“A lot of female doctors have been harassed sexually or on sectarian basis by masked forces,” Rajab told .
He described the humanitarian situation in Bahrain as critical, saying those who have been injured during the protests have to be treated at homes, because the hospitals are under tight security control.
Even the patients who have normal diseases cannot be easily taken to hospitals, Rajab added.
On Wednesday, the Human Rights Watch accused Bahraini forces of using violence against people who had already received injuries during earlier attacks.
The rights body said it had documented several cases in which the forces had “severely harassed or beaten” patients under medical care in the country’s Salmaniya hospital.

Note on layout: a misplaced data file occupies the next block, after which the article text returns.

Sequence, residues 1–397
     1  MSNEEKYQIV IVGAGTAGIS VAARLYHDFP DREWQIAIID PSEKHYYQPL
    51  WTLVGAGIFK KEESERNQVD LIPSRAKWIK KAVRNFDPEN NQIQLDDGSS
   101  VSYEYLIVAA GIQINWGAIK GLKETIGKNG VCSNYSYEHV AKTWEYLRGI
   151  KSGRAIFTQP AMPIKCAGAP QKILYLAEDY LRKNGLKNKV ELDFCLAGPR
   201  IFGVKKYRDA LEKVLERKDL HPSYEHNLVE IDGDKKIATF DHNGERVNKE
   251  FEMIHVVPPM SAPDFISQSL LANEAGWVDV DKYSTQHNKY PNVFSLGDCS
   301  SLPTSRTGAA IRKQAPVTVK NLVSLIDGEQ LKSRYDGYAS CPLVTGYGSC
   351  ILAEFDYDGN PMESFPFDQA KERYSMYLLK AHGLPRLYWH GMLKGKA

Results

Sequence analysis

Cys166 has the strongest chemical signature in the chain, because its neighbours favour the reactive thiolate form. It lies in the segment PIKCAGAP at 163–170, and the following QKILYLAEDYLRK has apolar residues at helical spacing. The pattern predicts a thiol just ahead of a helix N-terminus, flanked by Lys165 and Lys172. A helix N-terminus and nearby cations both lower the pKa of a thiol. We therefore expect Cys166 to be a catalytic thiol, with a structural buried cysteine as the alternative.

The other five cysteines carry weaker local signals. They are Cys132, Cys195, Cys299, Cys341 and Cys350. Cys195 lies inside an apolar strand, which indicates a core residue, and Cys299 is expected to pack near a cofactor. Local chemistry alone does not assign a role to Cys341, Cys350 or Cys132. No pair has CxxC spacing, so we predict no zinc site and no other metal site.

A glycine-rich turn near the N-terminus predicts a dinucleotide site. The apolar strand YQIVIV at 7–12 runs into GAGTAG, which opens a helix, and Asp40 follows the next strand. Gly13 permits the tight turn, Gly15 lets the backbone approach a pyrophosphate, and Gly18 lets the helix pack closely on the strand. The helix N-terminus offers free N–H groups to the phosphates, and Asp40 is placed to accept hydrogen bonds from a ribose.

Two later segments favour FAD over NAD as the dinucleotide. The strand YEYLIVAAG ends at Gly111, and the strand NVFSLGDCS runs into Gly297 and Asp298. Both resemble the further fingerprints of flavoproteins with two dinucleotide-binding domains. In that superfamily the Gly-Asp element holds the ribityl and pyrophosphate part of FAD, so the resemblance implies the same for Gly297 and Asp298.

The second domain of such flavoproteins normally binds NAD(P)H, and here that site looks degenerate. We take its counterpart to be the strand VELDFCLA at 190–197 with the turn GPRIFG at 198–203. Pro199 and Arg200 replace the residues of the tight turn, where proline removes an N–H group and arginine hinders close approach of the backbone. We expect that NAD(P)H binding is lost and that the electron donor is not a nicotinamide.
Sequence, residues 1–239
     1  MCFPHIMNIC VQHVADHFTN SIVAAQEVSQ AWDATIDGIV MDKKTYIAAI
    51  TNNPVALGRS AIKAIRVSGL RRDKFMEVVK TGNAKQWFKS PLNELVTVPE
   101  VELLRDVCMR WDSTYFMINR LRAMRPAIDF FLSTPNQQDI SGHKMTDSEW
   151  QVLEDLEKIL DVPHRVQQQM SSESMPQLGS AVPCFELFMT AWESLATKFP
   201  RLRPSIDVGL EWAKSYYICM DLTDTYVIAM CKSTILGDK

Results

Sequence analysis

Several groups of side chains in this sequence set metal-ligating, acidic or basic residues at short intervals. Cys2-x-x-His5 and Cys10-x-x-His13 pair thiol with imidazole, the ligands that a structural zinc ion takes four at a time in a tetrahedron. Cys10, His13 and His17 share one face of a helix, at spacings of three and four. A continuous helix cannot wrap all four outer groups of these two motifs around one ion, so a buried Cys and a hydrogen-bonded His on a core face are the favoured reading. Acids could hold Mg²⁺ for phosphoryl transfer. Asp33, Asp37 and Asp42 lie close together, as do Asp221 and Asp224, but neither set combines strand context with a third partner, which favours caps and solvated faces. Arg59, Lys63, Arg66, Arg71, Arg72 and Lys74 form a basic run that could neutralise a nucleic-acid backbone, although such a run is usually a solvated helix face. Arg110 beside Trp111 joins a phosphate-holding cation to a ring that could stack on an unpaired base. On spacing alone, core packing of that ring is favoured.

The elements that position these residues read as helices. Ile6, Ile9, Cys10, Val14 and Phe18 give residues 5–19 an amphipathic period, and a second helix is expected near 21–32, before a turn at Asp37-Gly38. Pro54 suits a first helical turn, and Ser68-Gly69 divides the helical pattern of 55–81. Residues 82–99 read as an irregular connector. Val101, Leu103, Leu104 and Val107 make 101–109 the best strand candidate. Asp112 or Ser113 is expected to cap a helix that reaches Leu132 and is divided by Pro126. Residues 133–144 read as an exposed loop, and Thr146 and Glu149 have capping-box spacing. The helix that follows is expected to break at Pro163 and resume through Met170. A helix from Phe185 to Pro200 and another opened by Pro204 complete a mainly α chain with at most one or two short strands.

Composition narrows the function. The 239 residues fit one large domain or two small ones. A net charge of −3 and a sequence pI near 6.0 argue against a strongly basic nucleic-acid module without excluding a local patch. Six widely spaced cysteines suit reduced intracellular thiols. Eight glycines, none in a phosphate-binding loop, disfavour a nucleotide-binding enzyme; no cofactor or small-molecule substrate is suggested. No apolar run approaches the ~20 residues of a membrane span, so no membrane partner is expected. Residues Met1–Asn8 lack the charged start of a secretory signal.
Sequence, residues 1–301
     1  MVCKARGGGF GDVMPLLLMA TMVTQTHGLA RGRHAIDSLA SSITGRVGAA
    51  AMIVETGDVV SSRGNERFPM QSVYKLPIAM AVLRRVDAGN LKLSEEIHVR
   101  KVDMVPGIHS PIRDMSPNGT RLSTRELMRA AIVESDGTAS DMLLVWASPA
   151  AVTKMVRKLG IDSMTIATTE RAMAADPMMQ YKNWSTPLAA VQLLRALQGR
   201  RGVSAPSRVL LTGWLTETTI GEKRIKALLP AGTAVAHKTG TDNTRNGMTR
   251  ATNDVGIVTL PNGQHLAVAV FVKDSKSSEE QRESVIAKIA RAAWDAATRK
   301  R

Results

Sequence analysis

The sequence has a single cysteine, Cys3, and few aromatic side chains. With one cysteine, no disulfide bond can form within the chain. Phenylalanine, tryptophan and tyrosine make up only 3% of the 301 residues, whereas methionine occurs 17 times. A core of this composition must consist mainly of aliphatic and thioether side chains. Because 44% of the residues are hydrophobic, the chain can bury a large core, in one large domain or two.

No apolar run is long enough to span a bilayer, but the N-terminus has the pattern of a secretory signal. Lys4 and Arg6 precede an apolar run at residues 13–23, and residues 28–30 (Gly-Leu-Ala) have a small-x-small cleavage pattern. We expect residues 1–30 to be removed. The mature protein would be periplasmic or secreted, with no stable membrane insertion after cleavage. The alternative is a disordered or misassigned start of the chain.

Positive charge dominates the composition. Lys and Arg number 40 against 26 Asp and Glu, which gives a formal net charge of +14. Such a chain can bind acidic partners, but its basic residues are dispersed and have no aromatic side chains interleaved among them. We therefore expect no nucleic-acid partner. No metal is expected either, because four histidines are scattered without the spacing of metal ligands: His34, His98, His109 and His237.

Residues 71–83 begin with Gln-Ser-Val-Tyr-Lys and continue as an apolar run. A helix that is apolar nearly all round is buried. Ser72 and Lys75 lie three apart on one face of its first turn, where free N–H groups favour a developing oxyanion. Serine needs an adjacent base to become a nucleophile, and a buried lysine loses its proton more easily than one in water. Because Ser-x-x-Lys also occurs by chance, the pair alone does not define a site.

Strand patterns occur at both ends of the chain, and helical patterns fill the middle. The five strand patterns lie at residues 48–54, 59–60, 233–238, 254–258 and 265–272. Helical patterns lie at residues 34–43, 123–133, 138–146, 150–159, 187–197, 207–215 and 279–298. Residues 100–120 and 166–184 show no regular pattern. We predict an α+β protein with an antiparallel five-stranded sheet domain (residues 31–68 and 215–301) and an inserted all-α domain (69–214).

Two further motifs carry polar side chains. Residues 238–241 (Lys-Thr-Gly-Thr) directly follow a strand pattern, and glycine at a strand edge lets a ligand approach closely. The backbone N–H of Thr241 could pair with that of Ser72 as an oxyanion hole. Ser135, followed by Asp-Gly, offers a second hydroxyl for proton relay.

According to unconfirmed reports, over 420 people have been arrested during ongoing protests in the kingdom, Rajab said.
The Bahraini protesters continue to demand the ouster of the Al Khalifa monarchy as well as constitutional reforms.
At least 25 people have been killed and about 1,000 others injured during the government-sanctioned crackdowns on peaceful demonstrators.
Joined recently by police units and troops from Saudi and the United Arab Emirates, Bahraini government forces have launched a deadly crackdown on the popular revolution that began to sweep the Persian Gulf island on February 14.
The Saudi-backed forces have recently been sighted while destroying religious and historical monuments of the Muslim Persian Gulf state. Agencies